September 11, 1917

Dear Grandpa: -

Your letter of the 14th came two days ago, and was very welcome, for altho' none of us are boasting of "croix de guerres", it is encouraging to know that the folks at home believe we are doing what we came to do. When I say that none of us are boasting of medals, as yet, I must also add, in fairness to the section, that I don't think any of us have had the chance to show that we deserved one. We have had the hard luck and yet I suppose the good luck, of being placed in an extremely quiet sector where there is very little possibility of action. And yet it is remarkable how many there are - fully half the section, I believe - who are angry with everybody from President Poineare down to our French cook, because we haven't been moved to some place where we will see some action. They want only to see the grand show, go through it once, and get home to talk about it. One can't persuade them that we have a job right here and if it is easy and small, that that is all the more reason for doing it as well as possible.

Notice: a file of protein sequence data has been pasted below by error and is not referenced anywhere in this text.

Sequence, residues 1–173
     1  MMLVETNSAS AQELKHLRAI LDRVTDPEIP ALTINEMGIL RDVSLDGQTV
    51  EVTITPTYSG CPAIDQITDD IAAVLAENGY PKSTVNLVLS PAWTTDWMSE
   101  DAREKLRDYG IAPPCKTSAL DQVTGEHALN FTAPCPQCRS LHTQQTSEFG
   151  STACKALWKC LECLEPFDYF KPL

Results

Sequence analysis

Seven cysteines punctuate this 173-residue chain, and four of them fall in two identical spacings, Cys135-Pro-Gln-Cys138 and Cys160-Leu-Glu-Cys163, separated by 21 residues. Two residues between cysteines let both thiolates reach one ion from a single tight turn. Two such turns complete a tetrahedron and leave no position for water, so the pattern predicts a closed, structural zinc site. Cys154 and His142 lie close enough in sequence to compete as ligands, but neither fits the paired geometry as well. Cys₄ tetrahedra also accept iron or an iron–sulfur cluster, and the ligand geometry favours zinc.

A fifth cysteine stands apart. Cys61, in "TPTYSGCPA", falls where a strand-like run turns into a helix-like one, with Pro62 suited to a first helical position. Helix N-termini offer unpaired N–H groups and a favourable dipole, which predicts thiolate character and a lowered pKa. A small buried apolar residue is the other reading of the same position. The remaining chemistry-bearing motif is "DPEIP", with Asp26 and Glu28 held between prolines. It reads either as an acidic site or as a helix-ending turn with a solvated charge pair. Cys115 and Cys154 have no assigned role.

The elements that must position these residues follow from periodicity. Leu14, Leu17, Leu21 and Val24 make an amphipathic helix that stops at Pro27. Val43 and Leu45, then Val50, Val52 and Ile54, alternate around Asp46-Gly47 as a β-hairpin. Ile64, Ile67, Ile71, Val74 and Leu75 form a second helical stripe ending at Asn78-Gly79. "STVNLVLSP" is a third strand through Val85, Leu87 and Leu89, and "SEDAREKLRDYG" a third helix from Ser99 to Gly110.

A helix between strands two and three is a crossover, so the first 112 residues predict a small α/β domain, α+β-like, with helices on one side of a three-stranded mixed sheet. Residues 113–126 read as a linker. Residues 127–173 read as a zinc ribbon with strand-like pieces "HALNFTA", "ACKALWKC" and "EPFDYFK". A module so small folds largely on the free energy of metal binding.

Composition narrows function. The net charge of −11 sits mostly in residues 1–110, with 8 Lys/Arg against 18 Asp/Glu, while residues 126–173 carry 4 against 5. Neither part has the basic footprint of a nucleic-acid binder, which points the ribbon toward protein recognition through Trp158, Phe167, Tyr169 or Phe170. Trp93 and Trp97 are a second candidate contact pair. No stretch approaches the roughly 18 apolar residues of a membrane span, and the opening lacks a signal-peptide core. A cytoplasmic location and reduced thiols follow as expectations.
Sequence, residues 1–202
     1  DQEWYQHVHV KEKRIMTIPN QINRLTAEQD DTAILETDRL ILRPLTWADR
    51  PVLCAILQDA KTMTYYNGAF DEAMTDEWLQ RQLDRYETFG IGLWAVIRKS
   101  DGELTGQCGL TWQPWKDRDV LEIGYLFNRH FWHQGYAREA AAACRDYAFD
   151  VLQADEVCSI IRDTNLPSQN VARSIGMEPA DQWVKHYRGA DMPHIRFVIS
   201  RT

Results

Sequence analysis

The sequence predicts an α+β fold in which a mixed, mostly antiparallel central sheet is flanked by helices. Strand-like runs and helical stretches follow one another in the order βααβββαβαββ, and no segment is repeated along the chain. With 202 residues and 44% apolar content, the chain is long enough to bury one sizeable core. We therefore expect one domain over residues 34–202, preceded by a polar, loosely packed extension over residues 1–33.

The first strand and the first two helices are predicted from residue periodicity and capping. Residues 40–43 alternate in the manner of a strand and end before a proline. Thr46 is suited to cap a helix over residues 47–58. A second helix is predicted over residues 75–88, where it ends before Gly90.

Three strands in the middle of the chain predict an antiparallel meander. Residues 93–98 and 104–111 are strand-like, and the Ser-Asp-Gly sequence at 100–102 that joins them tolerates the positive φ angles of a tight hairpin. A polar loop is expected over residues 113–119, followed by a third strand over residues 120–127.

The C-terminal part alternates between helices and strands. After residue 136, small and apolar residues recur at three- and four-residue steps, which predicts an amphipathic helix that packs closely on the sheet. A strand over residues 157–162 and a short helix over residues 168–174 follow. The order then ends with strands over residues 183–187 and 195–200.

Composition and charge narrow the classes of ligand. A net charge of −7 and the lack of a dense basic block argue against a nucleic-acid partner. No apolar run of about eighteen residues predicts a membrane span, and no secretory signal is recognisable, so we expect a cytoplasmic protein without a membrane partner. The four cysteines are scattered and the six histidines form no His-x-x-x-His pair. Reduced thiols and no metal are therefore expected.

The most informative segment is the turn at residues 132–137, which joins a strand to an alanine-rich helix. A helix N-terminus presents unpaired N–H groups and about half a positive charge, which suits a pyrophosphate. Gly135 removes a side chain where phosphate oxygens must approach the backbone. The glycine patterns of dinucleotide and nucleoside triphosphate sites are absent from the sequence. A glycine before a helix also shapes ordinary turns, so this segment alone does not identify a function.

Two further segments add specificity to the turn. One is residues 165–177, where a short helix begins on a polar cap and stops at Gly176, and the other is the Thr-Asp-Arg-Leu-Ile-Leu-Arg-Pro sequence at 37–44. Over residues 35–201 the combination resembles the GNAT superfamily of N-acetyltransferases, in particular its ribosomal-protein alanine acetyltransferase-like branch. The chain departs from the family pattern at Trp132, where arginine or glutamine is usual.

However, it does grate against one's feelings to have new sections sent right into the middle of real doings while we sort of watch from the side lines.

Mother has written glowing accounts of all you have been doing at home and all I can say is, "It's great!" Sometimes it seems to us here as though Congress and the officials were awfully slow about getting results. After that, it is fine to hear of all the enthusiasm that you have aroused at home and I only wish someone would stick a pin into the officials at Washington in the same way that you all have stuck them into Morristown.

However, we all have our duties in this war end the sooner everyone pulls together, and hard, the sooner the Bosche will be licked. Let's hope it will be soon.